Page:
A few years ago, I found myself on the giant playground known as the Google “campus” in Mountain View, Calif., speaking to a small group of Google employees about, among other things, originality. I tried to make what I thought was a pretty unoriginal point.
The culture, I suggested, rewarded successful copying and ignored or even denounced originality. Some examples: If a talking cat gets a million page views on YouTube, then within days there will be a million talking cats, dogs, ferrets, etc.; American Idol contestants are always imitating a famous singer’s style; the knowing ironies of the mash-up are more appealing to its audience than what is being mashed up. Yet at the same time, the Internet delights in tearing down figures who come to prominence on the basis of some original achievement. Lady Gaga has become renowned for imitating Madonna, but if Madonna ever got caught texting something insulting about Lady Gaga, heaven help her.
After my talk, a few people who had been in the audience came up to me and began to press me on the issue of originality. One of them asked me bluntly: “What is so great about being original?” I was about to launch with confidence, not to say smugness, into some mildly condescending explanation of originality when I realized that, in fact, I had nothing to say. The inestimable value of originality was just one of those fundamentals I had never questioned. I stood there, hemming and hawing, desperate for something to offer. “Don’t you think it’s important,” I ventured, “to … er … well … to … hmmm … march to the beat of a different drummer?” There it was–in the defense of originality, I had uttered one of the most celebrated bromides in the history of banality. But the response of one of the Googlians was even more astounding. “That’s a great line,” he said, without the slightest irony.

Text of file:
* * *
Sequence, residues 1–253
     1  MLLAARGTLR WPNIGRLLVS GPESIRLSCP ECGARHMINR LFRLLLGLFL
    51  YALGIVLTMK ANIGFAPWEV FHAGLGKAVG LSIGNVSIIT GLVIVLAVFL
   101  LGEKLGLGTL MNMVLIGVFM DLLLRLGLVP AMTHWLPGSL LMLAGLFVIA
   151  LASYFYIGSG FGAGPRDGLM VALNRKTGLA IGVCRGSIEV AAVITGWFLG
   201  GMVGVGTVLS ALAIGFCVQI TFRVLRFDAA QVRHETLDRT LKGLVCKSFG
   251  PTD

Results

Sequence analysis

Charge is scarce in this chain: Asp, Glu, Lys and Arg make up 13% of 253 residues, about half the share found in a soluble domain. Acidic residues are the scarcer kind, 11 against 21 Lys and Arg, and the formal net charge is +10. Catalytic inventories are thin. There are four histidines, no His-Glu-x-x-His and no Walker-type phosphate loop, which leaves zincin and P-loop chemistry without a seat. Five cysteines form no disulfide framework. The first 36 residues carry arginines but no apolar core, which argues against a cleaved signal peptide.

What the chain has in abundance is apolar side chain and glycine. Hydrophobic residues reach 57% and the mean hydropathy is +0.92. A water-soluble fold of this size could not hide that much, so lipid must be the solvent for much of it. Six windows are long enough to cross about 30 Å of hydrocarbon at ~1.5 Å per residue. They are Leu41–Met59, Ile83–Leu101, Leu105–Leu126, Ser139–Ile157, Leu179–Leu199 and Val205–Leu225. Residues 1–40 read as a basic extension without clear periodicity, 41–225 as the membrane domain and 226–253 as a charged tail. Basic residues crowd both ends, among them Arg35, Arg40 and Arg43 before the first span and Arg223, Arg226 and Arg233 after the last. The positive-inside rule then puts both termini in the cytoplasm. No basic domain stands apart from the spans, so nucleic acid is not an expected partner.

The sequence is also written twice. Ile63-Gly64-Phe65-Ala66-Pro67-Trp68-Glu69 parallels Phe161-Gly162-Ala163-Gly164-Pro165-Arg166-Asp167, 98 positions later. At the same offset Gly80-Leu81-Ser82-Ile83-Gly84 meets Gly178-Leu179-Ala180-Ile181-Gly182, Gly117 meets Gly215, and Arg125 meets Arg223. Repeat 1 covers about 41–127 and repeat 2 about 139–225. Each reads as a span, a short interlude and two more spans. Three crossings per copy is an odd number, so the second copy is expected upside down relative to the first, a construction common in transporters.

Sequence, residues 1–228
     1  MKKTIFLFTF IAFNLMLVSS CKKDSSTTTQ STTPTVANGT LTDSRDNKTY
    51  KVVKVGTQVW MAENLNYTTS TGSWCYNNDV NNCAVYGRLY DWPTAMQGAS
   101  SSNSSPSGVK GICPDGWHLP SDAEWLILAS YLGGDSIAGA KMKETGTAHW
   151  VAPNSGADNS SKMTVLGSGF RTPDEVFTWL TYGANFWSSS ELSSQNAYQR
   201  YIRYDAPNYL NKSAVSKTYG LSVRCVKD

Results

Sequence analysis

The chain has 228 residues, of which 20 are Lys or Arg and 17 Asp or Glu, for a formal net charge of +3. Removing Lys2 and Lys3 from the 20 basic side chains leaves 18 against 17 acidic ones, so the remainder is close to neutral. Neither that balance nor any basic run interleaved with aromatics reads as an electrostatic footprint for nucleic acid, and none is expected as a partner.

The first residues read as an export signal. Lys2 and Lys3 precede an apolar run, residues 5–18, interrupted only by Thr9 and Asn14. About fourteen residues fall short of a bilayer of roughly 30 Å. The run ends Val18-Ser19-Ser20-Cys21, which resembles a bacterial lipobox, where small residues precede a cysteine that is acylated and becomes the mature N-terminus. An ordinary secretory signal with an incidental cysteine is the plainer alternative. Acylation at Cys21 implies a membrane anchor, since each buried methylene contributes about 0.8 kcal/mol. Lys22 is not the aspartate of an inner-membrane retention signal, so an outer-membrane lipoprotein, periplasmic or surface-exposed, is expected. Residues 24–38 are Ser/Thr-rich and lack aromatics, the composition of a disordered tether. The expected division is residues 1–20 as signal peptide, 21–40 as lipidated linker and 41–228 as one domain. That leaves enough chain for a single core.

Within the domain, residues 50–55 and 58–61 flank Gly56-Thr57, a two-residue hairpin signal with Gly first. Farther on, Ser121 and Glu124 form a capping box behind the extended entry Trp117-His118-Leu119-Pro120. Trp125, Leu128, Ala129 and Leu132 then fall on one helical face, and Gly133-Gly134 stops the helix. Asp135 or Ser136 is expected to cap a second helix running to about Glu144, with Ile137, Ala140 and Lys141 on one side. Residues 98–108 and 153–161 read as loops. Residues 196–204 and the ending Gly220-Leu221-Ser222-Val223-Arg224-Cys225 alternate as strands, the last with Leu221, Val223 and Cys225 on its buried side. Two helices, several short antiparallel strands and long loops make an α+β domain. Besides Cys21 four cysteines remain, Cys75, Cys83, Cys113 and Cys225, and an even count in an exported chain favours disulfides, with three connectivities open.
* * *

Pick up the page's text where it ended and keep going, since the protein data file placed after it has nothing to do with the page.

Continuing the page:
The very idea sounds so 19th century.
We are now in the middle of a crisis of originality, and partly this is due to the raging dogs of information that Google has unleashed. We are so inundated by what has been written and said, and by what was written and said just seconds ago, that it is becoming impossible to sort out who said what first. Not only that, but as the idea of intellectual property–of copyright–has been thrown out the window, the notion that thoughts are duplicable commodities has become more widespread. If Google can reprint articles from newspapers and magazines without permission, then why shouldn’t students copy passages verbatim from online reference sources like Wikipedia (it’s called “content scraping”) without attribution?
And if all information is now free, and if search engines lump all forms of knowledge together under the rubric of “information,” then isn’t the writer who copies from the published work of another writer simply exercising his right to drink from the public trough? As the definition of originality implodes in the capitalist anti-capitalist chaos of the Internet, instances of plagiarism multiply.